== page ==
Last night, the Collegian road crew ventured into the heart of Des Moines to the Hotel Fort Des Moines, hoping to discover what’s behind the eccentric Ron Paul’s, “Revolution.”
We left expecting more of the same of what we had seen from the other candidates, but, instead, we found a flying circus.
By 7 p.m., the ballroom was packed with somewhere between 600 and 700 supporters, which is impressive considering Dr. Paul was polling at about nine percent – the lowest of any Republican candidate – just two days ago. What’s more, unlike the other events we have attended, there was not a single conversation, it seemed, that wasn’t centered around the man of the hour.
The tone of the evening was set long before Paul took the stage. There was a a brief introduction by two veterans discussing the shameful way in which the American government has dealt with POWs in the past, followed by a brief speech by Paul’s national campaign manager.
What was most interesting, however, was interspersed between these speeches was a group prayer, the Pledge of Allegiance and a performance of the “Star Spangled Banner” by a veteran of the Marine Corp.
All this served to prove three things to the crowd – Ron Paul likes veterans, God and America. And it worked.
When he finally took the stage, to the backdrop of an enormous American flag, the energy of the room reached an almost unbearable level, but when the little Representative from Texas took his place behind the podium and opened his mouth, the crowd respectfully quieted. The speech that followed was perhaps one of the most enlightening and terrifying things I have ever heard come from an elected official.
Ron Paul’s campaign is built on one thing, and one thing alone – his love of freedom. But his definition of freedom is a little different than that of most other candidates.
During his speech, he attacked big government and foreign entanglements that, he feels, hinder citizens’ autonomy and make it harder for individuals to be successful. Unlike other Republican candidates talking the same line, you can help, but believe him. I mean, for a man to suggest the abolition of the IRS, he has to be serious, right?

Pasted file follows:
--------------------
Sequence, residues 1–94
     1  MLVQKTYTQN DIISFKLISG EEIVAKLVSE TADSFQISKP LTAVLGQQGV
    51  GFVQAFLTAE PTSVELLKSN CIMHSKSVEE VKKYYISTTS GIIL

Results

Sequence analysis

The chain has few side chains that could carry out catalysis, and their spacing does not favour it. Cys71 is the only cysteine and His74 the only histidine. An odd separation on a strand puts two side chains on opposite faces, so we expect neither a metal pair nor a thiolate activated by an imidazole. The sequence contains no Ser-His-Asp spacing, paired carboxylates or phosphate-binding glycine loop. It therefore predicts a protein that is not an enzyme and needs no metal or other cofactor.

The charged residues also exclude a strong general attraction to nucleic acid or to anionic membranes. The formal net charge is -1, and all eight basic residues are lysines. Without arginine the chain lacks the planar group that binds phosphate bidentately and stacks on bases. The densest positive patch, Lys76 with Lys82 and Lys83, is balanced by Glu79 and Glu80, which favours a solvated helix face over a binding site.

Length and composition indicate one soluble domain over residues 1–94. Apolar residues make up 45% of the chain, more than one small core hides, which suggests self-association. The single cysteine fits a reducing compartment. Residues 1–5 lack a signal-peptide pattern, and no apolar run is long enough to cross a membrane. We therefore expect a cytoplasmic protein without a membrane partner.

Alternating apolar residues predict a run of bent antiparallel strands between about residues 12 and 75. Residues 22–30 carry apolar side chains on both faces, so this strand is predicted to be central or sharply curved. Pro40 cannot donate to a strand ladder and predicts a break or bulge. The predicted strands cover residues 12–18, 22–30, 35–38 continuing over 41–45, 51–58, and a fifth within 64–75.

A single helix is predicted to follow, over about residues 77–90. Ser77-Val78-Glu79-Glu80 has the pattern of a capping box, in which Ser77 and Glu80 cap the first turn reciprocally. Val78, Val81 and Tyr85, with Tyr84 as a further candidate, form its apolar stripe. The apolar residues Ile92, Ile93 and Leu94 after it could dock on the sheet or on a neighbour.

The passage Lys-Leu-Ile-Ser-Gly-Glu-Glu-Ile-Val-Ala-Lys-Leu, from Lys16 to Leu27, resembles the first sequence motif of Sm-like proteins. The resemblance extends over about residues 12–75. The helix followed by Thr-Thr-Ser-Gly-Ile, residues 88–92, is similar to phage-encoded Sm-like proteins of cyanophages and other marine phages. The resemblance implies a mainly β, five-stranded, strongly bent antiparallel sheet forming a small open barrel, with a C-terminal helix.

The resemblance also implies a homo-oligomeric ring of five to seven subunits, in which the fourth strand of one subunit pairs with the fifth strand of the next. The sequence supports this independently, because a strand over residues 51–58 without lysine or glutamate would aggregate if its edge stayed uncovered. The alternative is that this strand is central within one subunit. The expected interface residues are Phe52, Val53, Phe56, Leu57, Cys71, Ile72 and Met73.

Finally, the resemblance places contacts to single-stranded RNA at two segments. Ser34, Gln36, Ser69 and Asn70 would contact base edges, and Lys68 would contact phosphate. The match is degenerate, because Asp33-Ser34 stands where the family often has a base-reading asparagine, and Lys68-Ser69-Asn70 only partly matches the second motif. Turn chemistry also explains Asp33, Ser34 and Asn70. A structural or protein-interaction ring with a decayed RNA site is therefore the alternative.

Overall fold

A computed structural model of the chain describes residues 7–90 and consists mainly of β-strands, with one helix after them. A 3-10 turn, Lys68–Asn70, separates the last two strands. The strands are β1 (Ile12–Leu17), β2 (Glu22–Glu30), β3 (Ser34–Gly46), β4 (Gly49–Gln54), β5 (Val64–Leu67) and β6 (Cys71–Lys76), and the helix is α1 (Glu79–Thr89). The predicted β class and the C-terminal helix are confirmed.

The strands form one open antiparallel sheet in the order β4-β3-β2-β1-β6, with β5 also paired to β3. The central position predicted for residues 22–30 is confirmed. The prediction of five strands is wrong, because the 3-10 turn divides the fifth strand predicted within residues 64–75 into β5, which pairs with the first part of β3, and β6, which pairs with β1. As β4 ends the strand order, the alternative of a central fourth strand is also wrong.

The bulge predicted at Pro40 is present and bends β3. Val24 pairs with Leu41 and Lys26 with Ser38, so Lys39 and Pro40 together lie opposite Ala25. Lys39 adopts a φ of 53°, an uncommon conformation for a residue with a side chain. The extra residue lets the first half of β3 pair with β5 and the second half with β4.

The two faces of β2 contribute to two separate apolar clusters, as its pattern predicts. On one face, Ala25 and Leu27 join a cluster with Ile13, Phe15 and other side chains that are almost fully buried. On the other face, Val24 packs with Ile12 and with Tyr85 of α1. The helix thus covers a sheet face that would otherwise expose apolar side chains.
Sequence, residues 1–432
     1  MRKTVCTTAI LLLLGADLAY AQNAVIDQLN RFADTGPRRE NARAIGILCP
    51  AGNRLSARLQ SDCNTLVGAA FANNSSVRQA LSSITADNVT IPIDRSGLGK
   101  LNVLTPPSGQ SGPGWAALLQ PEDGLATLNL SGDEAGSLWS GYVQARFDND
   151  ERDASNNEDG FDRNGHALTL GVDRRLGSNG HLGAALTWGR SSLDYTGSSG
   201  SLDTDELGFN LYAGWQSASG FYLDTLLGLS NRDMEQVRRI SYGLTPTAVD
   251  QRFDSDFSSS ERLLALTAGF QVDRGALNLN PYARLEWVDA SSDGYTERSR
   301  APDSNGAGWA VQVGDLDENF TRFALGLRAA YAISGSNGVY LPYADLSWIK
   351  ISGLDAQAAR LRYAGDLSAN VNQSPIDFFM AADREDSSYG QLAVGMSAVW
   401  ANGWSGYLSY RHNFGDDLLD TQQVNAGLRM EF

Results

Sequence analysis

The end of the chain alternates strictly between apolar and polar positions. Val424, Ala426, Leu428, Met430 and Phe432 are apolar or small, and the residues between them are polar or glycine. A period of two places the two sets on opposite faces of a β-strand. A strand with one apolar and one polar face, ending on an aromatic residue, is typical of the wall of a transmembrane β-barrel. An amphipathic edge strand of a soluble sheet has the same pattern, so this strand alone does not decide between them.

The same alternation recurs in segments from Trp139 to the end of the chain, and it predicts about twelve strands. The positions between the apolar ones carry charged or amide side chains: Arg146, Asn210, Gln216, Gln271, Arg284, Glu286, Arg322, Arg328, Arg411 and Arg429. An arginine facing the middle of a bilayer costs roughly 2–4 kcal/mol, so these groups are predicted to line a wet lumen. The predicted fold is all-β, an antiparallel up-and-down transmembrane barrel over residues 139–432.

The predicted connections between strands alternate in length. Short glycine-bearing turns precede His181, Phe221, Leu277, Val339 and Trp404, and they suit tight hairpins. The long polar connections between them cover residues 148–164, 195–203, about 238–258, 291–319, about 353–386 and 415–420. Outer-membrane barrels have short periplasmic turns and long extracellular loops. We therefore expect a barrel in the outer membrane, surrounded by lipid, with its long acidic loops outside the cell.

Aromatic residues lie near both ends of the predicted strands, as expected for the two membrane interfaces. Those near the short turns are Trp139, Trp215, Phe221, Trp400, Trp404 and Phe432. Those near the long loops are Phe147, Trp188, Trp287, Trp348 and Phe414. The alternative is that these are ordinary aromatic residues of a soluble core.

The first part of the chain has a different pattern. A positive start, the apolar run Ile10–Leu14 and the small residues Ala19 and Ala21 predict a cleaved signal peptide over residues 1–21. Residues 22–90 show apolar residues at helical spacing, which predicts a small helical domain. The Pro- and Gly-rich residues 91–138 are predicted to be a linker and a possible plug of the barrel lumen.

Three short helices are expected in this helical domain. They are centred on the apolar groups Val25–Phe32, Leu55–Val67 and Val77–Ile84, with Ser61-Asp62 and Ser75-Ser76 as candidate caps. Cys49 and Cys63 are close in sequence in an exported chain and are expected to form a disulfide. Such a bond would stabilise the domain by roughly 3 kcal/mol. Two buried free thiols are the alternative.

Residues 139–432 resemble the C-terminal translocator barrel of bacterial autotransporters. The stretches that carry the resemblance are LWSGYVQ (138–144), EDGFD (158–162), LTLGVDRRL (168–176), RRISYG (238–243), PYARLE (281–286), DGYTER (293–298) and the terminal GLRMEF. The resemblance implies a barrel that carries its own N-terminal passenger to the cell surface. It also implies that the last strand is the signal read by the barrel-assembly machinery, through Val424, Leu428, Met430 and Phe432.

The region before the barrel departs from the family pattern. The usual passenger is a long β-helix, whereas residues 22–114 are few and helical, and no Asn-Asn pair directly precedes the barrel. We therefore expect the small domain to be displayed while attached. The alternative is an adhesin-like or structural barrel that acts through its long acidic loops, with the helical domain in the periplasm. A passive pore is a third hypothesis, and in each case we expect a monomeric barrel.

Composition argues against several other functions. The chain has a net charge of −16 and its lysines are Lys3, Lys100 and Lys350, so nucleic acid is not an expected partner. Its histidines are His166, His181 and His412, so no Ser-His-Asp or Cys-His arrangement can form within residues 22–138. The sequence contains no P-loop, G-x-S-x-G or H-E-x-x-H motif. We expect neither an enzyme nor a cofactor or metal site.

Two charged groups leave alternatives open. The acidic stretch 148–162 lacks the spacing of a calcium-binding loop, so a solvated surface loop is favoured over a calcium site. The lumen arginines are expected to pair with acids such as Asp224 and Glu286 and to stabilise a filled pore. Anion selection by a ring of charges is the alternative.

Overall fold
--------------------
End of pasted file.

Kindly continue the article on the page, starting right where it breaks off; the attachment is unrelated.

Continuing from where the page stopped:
The first step in his plan to get rid of the income tax, he said, is to stop being the world police.
“We destroy governments and have to be taxed to rebuild [them],” Paul said. “We need to spend all that money here in this country.”
This money, however, should not be allocated for government programs, but instead should be put back in the pockets of American citizens. In addition, he said, other programs that require tax funding, like education, should be trimmed from the federal budget and left up to the states.
This strategy of cutting foreign entanglements and social spending, will, he thinks, bring us to the point where we will no longer require the federal income tax to support the federal government and will help control inflation that he said shrinks the middle class, causing the gap between the rich and the poor to increase.
Without the income tax, he believes, there will be more money left for communities to decide how best to serve themselves.
During the speech, I found myself repeatedly rolling my eyes at his ideas, but the crowd ate it up, and despite my misgivings, I can definitely understand why.
Ron Paul wants nothing short of taking our nation back to its earliest beginnings, and, like his campaign slogan says, his ideas are nothing short of revolutionary.
Whether they are actually good for the country, though, is open for debate.